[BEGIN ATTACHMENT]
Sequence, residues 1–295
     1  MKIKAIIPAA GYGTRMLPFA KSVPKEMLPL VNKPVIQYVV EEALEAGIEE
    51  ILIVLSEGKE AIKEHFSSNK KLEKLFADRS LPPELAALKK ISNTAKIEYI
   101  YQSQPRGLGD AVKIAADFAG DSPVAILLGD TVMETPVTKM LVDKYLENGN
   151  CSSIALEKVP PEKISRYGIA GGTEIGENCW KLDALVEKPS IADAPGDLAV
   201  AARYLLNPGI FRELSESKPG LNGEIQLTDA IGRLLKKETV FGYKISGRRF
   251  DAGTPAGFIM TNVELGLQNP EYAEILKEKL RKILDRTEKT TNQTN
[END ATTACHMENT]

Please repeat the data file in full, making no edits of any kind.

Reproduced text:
Sequence, residues 1–295
     1  MKIKAIIPAA GYGTRMLPFA KSVPKEMLPL VNKPVIQYVV EEALEAGIEE
    51  ILIVLSEGKE AIKEHFSSNK KLEKLFADRS LPPELAALKK ISNTAKIEYI
   101  YQSQPRGLGD AVKIAADFAG DSPVAILLGD TVMETPVTKM LVDKYLENGN
   151  CSSIALEKVP PEKISRYGIA GGTEIGENCW KLDALVEKPS IADAPGDLAV
   201  AARYLLNPGI FRELSESKPG LNGEIQLTDA IGRLLKKETV FGYKISGRRF
   251  DAGTPAGFIM TNVELGLQNP EYAEILKEKL RKILDRTEKT TNQTN